A friend of mine sent to me a job offer. It caught both her and my attention because it shows a problem very common in Internet companies.
The company in question is quite successful in its niche. They have an IT platform based on LAMP/Wordpress stack. And they want to change to a new platform using technologies yet to define. So they are trying to recruit a Lead back-end developer to keep the old platform working while creating the new platform.
The interesting part is that the list of skills/requirements were… basically being an expert in LAMP/Wordpress. No other skills required (not even experience in designing architectures). When the old platform is already changing under their feet.
The specific problem in this case was related to the use of a specific technology. But the more general problem is feeling you (as a company) need to evolve, but not finding the way to do it.
And there are several examples.
Those struggling to evolve
Twitter has a well established base of loving users. It has a wonderful platform. But it’s a public company, with share price well above its current business.
So it has to bring non-core users into the platform.
Everybody had a plan for doing it. But its board hired one of its founders (Jack Dorsey), to bring new life into the company. Jack Dorsey’s approach could be summarized around the phrase “you’ve got to crack some eggs to make an omelette”. He let some people go, and it’s changing the interface of the product. And yes it’s bringing in some new functionalities. We’ll see how it pans out.
Another example among those struggling is Microsoft. They had some very successful products: Windows, Internet Explorer, Office, XBox. Internet Explorer is competing with Firefox for not being third in desktop. And it is not existent in mobile (phone/tablet). Windows and Office are used mainly in the enterprise, and are being made obsolete by mobile. XBox will be phased out by tables and new devices (Chromecast/Applet TV)
So they needed a change. And they brought in a new CEO that it’s trying to change everything. From embracing open source, to buying Minecraft and integrating it with Hololens, Microsoft has demonstrated, you can be cool again. But less visible initiatives, like its Azure mixed-cloud could keep the revenue cow giving milk.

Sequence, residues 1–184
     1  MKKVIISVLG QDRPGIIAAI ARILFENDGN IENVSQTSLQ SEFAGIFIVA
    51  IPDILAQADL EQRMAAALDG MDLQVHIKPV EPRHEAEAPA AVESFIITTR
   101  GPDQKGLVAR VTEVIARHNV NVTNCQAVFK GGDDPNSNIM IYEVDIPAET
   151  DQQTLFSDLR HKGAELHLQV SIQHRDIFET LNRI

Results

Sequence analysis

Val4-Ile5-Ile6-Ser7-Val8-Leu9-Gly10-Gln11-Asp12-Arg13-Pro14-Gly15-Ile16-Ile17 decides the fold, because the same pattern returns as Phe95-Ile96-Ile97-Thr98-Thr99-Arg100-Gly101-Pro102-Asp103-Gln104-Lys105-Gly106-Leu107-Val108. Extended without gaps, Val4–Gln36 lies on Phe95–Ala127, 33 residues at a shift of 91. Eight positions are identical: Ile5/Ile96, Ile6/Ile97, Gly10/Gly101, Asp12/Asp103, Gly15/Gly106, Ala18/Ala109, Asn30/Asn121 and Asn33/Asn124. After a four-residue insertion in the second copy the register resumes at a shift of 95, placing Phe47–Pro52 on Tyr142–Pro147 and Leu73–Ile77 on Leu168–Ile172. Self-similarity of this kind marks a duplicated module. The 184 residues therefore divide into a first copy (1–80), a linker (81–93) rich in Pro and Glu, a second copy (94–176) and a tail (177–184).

The last example I wanted to point is Foursquare. They perceived they had two different uses under the same product, so they decided to split. The result was clearly disappointing and the company needed to backpedal. Sometimes competing with yourself isn’t enough.
Those successful against themselves
Obviously, not all cases of evolving are pear shaped. There are plenty of companies that has managed to successfully change. The first successful example is Facebook.
I don’t like its main product (it’s almost a pain for me to use it).
But I love the company. As an example, take a look to this mention in their “Red book” (new employee’s induction documentation) “If we don’t create the thing that kills Facebook, someone else will”.
Facebook vs Facebook (Source: http://benbarry.com/project/facebooks-little-red-book)
**Google **has a different approach. Yes, it also buys companies. In fact, not many will remember, they bought a microblogging service when Twitter was not THE platform yet. Google approach is more chaotic. They bring to life lots of different initiatives, and are not afraid to kill those that doesn’t pan out. The best example for me is the whole Inbox vs Gmail competition. Who would create a new service competing with its own service?
For me, the whole Alphabet vs Google is more about the same. In 10 years time you may know Alphabet as a healthcare company, or a car manufacturer (or even better, logistic company), instead of an advertising company (yes, you may think it still is a search engine). Or maybe not. Pure evolution: have big number of bold initiatives and let them grow.
Amazon is another example of not being afraid to evolve. They envisioned Amazon computation infrastructure should be able to evolve automatically. Amazon business is cyclical (and when this article is written we’re in a peak period) So being able to increase and decrease computing power could mean savings. They then started selling that computing power. And now the cloud business profit is bigger than the rest of the company combined.
Evolving is difficult.
But not evolving is dying.
First published here